Comment: Some commenters raised objections to provisions in the proposed rule which required that covered entities maintain records and submit compliance reports as the Secretary determines is necessary to determine compliance and required that covered entities permit access by the Secretary during normal business hours to its books, records, accounts, and other sources of information, including protected health information, and its facilities, that are pertinent to ascertaining compliance with this subpart. One commenter stated that the Secretary's access to private health information without appropriate patient consent is contrary to the intent of HIPAA. Another commenter expressed the view that, because covered entities face criminal penalties for violations, these provisions violate the Fifth Amendment protections against forced self incrimination. Other commenters stated that covered entities should be given the reason the Secretary needs to have access to its books and records. Another commenter stated that there should be a limit to the frequency or extent of intrusion by the federal government into the business practices of a covered entity and that these provisions violate the Fourth Amendment of the Constitution.
Finally, a coalition of church plans suggested that the Secretary provide church plans with additional procedural safeguards to reduce unnecessary intrusion into internal church operations. These suggested safeguards included permitting HHS to obtain records and other documents only if they are relevant and necessary to compliance and enforcement activities related to church plans, requiring a senior official to determine the appropriateness of compliance-related activities for church plans, and providing church plans with a self-correcting period similar to that Congress expressly provided in Title I of HIPAA under the tax code.
Response: The final rule retains the proposed language in these two provisions with one change. The rule adds a provision indicating that the Secretary's access to information held by the covered entity may be at any time and without notice where exigent circumstances exist, such as where time is of the essence because documents might be hidden or destroyed. Thus, covered entities will generally receive notice before the Secretary seeks to access the entity's books or records.
Other than the exigent circumstances language, the language in these two provisions is virtually the same as the language in this Department's regulation implementing Title VI of the Civil Rights Act of 1964. 45 CFR 80.6(b) and (c). The Title VI regulation is incorporated by reference in other Department regulations prohibiting discrimination of the basis of disability. 45 CFR 84.61. Similar provisions allowing this Department access to recipient information is found in the Secretary's regulation implementing the Age Discrimination Act. 45 CFR 91.34. These provisions have not proved to be burdensome to entities that are subject to these civil rights regulations (i.e., all recipients of Department funds).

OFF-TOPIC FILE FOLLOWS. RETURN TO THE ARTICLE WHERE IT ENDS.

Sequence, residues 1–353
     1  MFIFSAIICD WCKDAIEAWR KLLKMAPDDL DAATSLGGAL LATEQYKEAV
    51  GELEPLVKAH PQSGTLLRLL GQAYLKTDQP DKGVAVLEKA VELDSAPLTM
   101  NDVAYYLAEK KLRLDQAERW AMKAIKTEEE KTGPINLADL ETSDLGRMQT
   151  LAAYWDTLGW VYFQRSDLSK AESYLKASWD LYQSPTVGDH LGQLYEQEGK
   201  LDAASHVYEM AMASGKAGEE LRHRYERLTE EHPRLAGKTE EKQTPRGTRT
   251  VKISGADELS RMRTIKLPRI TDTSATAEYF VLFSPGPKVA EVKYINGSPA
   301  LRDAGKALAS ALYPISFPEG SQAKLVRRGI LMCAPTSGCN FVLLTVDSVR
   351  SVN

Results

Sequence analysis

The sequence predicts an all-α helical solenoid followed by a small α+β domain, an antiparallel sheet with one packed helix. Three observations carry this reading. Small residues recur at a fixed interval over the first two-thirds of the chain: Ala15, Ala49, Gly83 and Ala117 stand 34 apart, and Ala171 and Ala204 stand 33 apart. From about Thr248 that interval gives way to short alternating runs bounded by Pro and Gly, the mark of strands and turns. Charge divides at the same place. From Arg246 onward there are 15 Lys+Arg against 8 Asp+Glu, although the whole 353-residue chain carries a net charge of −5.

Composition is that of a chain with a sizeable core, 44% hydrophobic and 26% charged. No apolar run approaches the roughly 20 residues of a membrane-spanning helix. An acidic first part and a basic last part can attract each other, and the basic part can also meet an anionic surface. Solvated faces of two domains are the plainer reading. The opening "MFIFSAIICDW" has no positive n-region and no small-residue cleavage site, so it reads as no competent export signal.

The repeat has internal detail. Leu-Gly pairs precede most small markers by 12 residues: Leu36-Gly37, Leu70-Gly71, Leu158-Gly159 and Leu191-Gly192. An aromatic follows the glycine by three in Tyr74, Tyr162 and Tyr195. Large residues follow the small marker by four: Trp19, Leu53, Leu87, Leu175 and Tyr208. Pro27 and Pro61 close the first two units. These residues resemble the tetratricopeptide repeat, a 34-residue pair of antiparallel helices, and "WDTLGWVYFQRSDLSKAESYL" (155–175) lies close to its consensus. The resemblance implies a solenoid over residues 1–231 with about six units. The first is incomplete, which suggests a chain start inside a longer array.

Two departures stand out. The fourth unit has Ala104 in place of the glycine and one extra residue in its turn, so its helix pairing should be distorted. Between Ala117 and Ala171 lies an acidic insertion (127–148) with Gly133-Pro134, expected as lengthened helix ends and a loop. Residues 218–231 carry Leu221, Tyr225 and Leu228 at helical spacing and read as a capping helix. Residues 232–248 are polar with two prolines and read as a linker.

We do not interpret Constitutional case law as supporting the view that a federal agency's review of information pursuant to statutory mandate violates the Fifth Amendment protections against forced self incrimination. Nor would such a review of this information raise Fourth Amendment problems. See discussion above regarding Constitutional comments and responses.
We appreciate the concern that the Secretary not involve herself unnecessarily into the internal operations of church plans. However, by providing health insurance or care to their employees, church plans are engaging in a secular activity. Under the regulation, church plans are subject to the same compliance and enforcement requirements with which other covered entities must comply. Because Congress did not carve out specific exceptions or require stricter standards for investigations related to church plans, incorporating such measures into the regulation would be inappropriate.
Additionally, there is no indication that the regulation will directly interfere with the religious practices of church plans. Also, the regulation as written appropriately limits the ability of investigators to obtain information from covered entities. The regulation provides that the Secretary may obtain access only to information that is pertinent to ascertain compliance with the regulation. We do not anticipate asking for information that is not necessary to assess compliance with the regulation. The purpose of obtaining records and similar materials is to determine compliance, not to engage in any sort of review or evaluation of religious activities or beliefs. Therefore, we believe the regulation appropriately balances the need to access information to determine compliance with the desire of covered entities to avoid opening every record in their possession to the government.